The US Commerce Department announced on Monday that it was revoking a list of prohibited transactions with TikTok and WeChat that was released in September as part of the Trump administration’s effort to prevent fresh US downloads of the Chinese-owned applications.
President Joe Biden rescinded a series of Trump-era executive orders earlier this month that attempted to prohibit new downloads of Tencent-owned WeChat and TikTok, and requested a Commerce Department study of security concerns raised by those and other applications.
Under Trump’s administration, the Commerce Department attempted to prohibit additional transactions, essentially prohibiting WeChat’s usage in the United States, and later attempted to impose similar limits on TikTok’s use.
The Biden directive instructed the Commerce Department to keep an eye on software apps like TikTok that might compromise US national security and to provide suggestions within 120 days on how to secure US data obtained or accessible by foreign adversary-controlled firms.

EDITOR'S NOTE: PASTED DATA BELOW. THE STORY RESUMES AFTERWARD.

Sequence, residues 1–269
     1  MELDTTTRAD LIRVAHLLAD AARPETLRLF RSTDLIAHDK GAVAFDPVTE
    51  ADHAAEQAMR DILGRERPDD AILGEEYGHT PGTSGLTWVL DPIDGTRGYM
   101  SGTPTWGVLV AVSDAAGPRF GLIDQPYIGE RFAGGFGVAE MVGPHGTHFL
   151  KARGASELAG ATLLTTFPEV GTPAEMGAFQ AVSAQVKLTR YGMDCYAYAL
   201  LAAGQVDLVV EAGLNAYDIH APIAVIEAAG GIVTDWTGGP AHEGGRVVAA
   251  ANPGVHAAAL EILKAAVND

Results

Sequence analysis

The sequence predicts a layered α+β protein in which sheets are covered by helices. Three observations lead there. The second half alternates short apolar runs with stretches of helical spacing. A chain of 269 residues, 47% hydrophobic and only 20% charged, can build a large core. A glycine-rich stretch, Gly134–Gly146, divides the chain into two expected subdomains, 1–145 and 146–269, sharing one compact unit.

WeChat, which has been downloaded 19 million times in the United States, is a popular platform for services, games, and payments.
Biden’s executive order revokes Trump’s August directives targeting WeChat and TikTok, as well as a January order targeting eight additional communications and financial technology software apps.
The January Trump directive instructed officials to prohibit transactions using eight Chinese applications, including Alipay from Ant Group, QQ Wallet from Tencent, and WeChat Pay from Tencent. To date, no bans have been imposed.
The Trump administration had challenged judge rulings halting the restrictions on TikTok and WeChat, but the US Justice Department sought to put the cases on hold when Biden took office in January.
TikTok is still the subject of a separate US national security assessment, which began in late 2019.